Rebecca Latimer Felton was the first woman to serve in the United States Senate, but that distinction, impressive as it is, does not by itself make her a Georgia Woman of Achievement. She served, after all, for just one day.
Her appointment to fill a vacancy created by the incumbent’s death was something of a political ploy because it came while the Senate was in recess. Coming in 1922, however, so soon after ratification of the nineteenth amendment, the appointment took on immense symbolic importance, and women around the country campaigned for Mrs. Felton to be officially seated. When President Harding refused to call a special session, Senator Walter F. George agreed to delay presentation of his credentials for a day so that she might make history. In one sense it was a meaningless, perhaps even condescending parody; Mrs. Felton herself called it a “joke.” But it acknowledged her years of political activism and set the stage for women to become serious participants in the political process. Minutes after being sworn in, the eighty-seven year old rose to address her temporary colleagues: “Mr. President, the women of this country are going to come and sit here. There may not be very many the next few years, but in time they will come. When they do I pledge that this body will get ability, integrity and unstinted usefulness.”
Rebecca Latimer was born in 1835 to a plantation family in DeKalb County. After graduating first in her class from Madison Female College, she married Dr. William Felton, a widower from Cartersville who was twelve years her senior, a medical doctor, farmer, Methodist minister, state legislator, and congressman.
As her husband’s secretary and counselor, Rebecca Felton had a ringside view of politics. She was an able assistant, effectively supporting Dr. Felton’s efforts on behalf of prohibition, education, and penal reform, particularly ending the convict lease system. When he retired from politics, she continued to crusade for a separate women’s penal institution, prohibition and women’s suffrage. Although she held advanced views on many social and political issues, her opinions on race reflected the prevailing attitudes of white Southerners in that era; in fact, she frequently used racial prejudice to justify her causes.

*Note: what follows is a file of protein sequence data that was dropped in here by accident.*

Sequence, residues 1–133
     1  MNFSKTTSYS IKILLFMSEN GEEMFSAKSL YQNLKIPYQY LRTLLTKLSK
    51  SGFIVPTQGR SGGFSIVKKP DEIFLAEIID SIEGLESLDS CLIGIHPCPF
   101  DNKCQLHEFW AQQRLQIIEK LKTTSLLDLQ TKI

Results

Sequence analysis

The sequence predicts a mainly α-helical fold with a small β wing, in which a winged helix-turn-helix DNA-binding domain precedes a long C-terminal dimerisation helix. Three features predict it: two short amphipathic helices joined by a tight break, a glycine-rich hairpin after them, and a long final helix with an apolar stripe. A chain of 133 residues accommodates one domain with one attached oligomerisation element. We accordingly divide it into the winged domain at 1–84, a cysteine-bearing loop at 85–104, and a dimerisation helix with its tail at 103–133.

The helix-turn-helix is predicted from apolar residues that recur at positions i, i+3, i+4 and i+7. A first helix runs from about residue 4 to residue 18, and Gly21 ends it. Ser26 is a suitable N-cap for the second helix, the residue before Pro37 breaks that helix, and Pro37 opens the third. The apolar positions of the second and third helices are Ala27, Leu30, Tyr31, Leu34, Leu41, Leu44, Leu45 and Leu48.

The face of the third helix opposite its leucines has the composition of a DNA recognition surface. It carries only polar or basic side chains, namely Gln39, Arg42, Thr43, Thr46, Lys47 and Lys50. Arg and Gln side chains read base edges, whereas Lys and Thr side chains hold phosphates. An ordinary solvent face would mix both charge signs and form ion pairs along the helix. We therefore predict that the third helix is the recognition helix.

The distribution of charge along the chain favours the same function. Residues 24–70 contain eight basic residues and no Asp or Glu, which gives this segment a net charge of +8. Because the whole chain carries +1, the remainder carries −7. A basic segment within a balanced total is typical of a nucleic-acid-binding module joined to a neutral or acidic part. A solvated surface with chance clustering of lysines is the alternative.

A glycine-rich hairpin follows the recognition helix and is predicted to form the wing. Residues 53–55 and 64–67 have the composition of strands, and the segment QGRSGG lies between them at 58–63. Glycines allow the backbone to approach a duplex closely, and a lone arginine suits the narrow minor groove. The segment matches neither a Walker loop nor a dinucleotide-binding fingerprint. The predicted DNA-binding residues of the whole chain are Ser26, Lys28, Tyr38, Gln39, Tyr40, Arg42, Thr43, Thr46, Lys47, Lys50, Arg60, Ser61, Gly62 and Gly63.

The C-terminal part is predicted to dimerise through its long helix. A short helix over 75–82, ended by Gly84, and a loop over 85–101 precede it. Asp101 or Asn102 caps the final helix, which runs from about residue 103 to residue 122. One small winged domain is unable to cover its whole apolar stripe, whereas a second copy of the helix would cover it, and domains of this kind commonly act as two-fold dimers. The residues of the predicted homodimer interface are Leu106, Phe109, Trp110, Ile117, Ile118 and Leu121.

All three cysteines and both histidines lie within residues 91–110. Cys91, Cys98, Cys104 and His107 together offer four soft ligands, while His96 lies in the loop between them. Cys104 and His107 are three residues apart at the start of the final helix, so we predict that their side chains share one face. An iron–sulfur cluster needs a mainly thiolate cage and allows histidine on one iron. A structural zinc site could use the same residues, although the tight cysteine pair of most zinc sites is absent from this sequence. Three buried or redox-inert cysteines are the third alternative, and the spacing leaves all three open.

Her most far-reaching influence may have been through her writing. In 1899 she began a column for the Atlanta Journal’s Statewide Semi-Weekly Edition which she used to speak out on everything from making farm life more appealing to young people to advice on morals and manners. She also edited The Cartersville Courant for a year and wrote two books, My Memoirs of Georgia Politics in 1911, and Country life in Georgia in the Days of My Youth in 1919, many pamphlets, and numerous lectures. In addition to the issues already noted she pushed for compulsory school attendance, vocational training for poor white girls (she and a New York woman established the Georgia Training School For Girls in Atlanta), and the admission of women to the University of Georgia.
She was active in numerous civic and fraternal organizations, and helped to manage the Atlanta and Chicago Expositions in the 1890′s. She was State Chairman of the Women’s Auxiliary to the “Bull Moose” Progressive National Convention in Chicago in 1912, and the sole woman to be called into conference when Warren Harding was made President of the United States. She bore five children, only one of whom, a son, survived to adulthood. She died in 1930 and is buried in Cartersville.
As a politically astute and active woman in an age when women were expected to sit quietly at home, an author, lecturer, reformer and leader, we take pride in honoring Rebecca Latimer Felton as a Georgia Woman of Achievement.
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Rebecca Latimer Felton
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